The bill to limit the scope of nuclear inspections is in retaliation for a resolution approved by the International Atomic Energy Agency (IAEA) board of governors last week recommending Iran's case be sent to the UN Security Council.
If approved, the bill would oblige the government to stop implementing the Additional Protocol of the nuclear Non-proliferation Treaty (NPT) which allows UN inspectors to make short-notice visits to nuclear facilities.
About 300 protesters gathered on Wednesday outside the British embassy in Tehran to denounce the IAEA resolution, submitted by Britain, France and Germany.
"Nuclear energy is our legitimate right," they chanted. "We will fight, we will die, we will never surrender."
Riot police surrounded the walled embassy compound during the demonstration organised by students belonging to the Basij militia.
Riot police prevent protesters from
approaching the British embassy
Tehran signed the NPT protocol in late 2003 in an effort to allay concerns that it may be developing nuclear weapons under the cover of an atomic energy programme.
But Iran's parliament has not ratified the protocol, meaning it is not legally binding.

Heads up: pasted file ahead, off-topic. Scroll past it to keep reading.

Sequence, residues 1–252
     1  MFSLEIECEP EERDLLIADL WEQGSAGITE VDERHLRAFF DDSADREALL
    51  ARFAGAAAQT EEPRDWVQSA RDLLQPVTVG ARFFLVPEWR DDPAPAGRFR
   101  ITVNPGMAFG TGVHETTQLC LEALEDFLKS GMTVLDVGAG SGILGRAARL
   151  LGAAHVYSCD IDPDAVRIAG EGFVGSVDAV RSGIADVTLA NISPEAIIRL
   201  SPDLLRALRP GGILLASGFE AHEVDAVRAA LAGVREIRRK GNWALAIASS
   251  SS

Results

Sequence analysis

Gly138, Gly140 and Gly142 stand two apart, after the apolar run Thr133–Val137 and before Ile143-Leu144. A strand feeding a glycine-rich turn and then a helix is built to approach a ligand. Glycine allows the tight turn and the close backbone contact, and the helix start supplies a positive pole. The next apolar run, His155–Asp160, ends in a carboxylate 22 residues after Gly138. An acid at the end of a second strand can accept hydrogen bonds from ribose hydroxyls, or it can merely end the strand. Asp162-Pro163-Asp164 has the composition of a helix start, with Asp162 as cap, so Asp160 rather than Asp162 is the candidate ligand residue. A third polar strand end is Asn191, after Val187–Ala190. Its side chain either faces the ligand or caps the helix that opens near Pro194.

The bill was given single urgency status, meaning that it takes precedence over regular legislation, in a vote supported by 162 members, with 42 against and 15 abstaining, the Islamic Republic News Agency said.
Suspending voluntary action
"If the plan is approved, it will urge the government to stop the voluntary implementation of the Additional Protocol until our right to access nuclear technology for a fuel cycle is officially recognised," the news agency quoted Parliament Speaker Gholamali Haddadadel as saying.
Iran's Foreign Ministry said on Monday that the state might stop implementing the Additional Protocol and resume uranium enrichment if the process to refer it to the Security Council was not halted.
On Tuesday, it added that it could scale back trade ties with those countries that backed the resolution to refer it to the UN's top body.
The proposed legislation also requires the government to supply parliament with detailed figures on Iran's trade with those countries that voted for the IAEA resolution.